Boone County Fire responds to flue fire Tuesday night

Wednesday, March 16, 2011 | 6:11 p.m. CDT; updated 11:00 p.m. CDT, Wednesday, March 16, 2011

COLUMBIA — The Boone County Fire Protection District responded to a flue fire at a Columbia home twice Tuesday night. 

The first call, from the residence at 4750 Akeman Bridge Road, was received at around 9:30 p.m, Boone County Fire Assistant Chief Doug Westhoff said. Boone County Fire responded to the call, and the fire was contained to the flue. Minimal damage was sustained. 

A flue is a type of pipe or stove insert used in the fireplace to circulate heat throughout a home. When smoke comes up from the fire, it travels up the flue, cools down, and leaves carbon particles that become sticky and can become attached to the walls of the flue, Westhoff said.

Due to the restricted air flow and the possibility of embers, a fire can sometimes occur in the flue pipe.  Typically, those who have experienced a flue fire will describe hearing a "roaring" noise, like air rushing through the pipe, prior to the fire, Westhoff said.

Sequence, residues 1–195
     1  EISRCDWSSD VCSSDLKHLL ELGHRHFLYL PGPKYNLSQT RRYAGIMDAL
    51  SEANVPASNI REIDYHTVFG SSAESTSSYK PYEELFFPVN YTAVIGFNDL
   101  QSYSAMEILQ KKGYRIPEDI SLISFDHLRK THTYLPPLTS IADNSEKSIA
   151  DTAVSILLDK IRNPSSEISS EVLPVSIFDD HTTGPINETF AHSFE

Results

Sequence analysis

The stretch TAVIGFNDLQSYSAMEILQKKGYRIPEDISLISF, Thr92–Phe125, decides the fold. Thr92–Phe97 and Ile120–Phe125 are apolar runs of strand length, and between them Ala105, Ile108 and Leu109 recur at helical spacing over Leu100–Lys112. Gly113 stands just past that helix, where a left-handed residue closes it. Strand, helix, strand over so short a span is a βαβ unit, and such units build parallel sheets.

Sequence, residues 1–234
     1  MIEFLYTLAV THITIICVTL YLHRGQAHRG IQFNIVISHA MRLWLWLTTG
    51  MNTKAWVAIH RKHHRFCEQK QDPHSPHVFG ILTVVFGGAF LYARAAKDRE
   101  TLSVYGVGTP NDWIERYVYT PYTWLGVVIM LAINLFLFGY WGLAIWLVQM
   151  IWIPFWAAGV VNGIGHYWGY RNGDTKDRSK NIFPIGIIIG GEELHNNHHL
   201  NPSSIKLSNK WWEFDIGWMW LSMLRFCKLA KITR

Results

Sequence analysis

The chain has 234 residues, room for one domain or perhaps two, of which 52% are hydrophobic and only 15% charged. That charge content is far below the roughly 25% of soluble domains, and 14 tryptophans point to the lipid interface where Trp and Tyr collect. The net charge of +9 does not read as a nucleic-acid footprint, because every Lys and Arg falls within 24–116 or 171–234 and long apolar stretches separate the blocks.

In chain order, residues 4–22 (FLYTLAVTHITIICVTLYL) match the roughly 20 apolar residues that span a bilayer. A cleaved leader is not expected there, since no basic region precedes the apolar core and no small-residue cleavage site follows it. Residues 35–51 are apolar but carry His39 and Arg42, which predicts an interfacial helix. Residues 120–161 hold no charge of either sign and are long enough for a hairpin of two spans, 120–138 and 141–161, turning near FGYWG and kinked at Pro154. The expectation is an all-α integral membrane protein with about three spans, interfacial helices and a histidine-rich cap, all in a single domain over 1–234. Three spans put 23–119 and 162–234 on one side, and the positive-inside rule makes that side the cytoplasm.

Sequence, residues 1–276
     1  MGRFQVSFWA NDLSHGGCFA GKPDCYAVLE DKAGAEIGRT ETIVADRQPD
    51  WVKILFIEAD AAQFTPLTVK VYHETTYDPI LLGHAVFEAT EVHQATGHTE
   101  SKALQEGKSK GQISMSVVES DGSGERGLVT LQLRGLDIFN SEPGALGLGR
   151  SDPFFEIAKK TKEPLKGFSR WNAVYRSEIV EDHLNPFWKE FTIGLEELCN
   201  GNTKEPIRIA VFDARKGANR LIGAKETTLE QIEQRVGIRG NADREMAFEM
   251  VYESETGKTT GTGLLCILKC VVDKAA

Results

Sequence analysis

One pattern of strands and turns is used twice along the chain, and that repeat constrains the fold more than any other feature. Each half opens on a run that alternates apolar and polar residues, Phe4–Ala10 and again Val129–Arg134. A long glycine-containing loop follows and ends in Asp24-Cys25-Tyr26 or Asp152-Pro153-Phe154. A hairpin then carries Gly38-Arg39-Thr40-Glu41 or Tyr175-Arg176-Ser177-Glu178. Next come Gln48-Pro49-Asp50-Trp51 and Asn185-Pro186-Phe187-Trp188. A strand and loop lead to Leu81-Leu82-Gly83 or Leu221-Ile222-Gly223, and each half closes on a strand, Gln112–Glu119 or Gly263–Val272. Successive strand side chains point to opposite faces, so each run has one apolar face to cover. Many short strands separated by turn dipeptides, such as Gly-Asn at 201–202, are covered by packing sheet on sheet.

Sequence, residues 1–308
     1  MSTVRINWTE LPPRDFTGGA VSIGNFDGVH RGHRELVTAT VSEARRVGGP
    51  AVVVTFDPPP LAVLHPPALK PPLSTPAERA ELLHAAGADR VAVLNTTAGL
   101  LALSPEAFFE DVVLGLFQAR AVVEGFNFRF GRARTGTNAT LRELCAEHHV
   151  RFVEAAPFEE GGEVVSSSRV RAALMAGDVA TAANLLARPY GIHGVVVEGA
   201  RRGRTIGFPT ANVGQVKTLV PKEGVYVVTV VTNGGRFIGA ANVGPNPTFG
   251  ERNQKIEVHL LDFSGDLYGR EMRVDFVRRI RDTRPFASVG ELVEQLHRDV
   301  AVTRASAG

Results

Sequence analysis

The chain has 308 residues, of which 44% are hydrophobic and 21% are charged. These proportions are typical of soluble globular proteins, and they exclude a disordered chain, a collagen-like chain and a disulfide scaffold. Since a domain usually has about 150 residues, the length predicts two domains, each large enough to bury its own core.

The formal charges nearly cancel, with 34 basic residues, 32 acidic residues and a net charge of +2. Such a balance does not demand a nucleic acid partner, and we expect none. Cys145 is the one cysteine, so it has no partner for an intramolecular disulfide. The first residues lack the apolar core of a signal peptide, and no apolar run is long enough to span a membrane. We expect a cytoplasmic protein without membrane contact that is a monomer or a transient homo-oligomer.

Another warning is the color of the pipe, which will often turn "cherry red," Westhoff said.

The residents of the home called a second time later that evening, at about 11:51 p.m., when they noticed a little bit of smoke, Westhoff said

"It was a unique situation," Westhoff said. 

Although Westhoff said it is unusual to receive two calls from the same residence in one night, he said the fire district always advises people to call again if they are suspicious a fire might not be completely controlled.

Although there are a number of factors that contribute to the possibility of a flue fire, Westhoff recommended, as a general rule, residents have their chimney and flue inspected by a professional before burning wood, as part of annual maintenance.

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